Thursday, August 10, 2006

The New Yorker: The Critics: Books

The New Yorker: The Critics: Books:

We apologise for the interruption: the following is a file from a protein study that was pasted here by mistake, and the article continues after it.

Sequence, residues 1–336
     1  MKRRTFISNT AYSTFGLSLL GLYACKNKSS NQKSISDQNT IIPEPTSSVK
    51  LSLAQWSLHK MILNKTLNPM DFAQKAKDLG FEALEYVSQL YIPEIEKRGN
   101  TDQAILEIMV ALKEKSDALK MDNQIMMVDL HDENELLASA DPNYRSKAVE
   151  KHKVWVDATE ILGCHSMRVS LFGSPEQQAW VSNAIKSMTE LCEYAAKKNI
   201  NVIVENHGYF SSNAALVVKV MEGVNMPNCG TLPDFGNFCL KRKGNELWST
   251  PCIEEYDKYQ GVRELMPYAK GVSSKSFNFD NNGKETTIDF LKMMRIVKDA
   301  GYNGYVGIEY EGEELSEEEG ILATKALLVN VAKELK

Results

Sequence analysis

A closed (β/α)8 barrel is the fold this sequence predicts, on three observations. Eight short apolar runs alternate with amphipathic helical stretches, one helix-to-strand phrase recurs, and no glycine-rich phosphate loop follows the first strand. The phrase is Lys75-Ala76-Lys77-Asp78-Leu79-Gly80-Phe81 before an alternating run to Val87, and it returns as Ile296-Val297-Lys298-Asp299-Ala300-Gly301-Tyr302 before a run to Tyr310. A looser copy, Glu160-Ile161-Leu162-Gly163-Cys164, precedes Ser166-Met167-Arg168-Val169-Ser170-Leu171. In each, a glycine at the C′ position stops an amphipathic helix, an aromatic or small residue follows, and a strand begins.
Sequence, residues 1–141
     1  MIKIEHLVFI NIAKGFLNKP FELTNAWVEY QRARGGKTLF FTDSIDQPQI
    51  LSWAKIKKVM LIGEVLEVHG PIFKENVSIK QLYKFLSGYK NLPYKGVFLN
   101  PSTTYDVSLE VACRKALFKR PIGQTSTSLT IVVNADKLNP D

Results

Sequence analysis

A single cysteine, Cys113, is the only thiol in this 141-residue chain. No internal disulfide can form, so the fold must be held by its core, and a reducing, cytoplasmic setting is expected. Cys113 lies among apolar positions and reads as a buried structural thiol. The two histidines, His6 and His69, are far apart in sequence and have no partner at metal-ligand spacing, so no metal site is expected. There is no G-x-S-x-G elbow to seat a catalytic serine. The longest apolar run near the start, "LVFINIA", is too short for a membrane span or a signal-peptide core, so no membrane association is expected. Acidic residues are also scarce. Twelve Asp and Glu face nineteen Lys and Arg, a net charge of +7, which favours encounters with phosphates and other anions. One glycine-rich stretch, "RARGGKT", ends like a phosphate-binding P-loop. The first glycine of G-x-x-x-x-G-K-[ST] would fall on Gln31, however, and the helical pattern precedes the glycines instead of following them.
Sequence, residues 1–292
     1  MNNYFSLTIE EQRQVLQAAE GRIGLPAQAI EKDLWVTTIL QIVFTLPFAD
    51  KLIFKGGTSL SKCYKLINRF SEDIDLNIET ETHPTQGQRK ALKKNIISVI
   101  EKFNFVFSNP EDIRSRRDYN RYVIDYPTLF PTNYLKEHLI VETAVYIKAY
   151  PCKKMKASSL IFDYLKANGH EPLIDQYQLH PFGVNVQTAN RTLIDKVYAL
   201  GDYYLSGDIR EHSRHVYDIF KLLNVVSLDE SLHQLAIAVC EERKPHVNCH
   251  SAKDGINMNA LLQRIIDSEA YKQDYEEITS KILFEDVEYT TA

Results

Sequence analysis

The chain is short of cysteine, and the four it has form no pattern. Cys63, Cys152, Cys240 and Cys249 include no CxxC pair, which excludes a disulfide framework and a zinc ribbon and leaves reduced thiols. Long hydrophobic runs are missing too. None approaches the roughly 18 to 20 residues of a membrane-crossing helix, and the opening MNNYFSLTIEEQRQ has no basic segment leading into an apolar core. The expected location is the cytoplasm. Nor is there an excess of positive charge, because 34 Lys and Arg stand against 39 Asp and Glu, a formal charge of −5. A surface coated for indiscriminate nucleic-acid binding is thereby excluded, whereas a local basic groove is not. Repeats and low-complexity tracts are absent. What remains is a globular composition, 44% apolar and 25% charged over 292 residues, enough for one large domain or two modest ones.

"Beckett was still living at home, lethargic and unhappy, when his father died, in 1933. The next four years were largely divided between the family estate and London, where he submitted to the care of the British psychoanalyst W. R. Bion. In both locations, Beckett suffered from night terrors—he would wake in the dark with a racing heart, in a sort of frozen panic—and from a fearsome array of psychosomatic ailments, including stomach trouble, pleurisy, and recurrent cysts on the neck and anus. The insomniac dread of Beckett’s narrators (“I’m too frightened this evening to listen to myself rot. . . . So I’ll tell myself a story”), as well as their revulsion at the human body, probably owes something to the memory of these afflictions."

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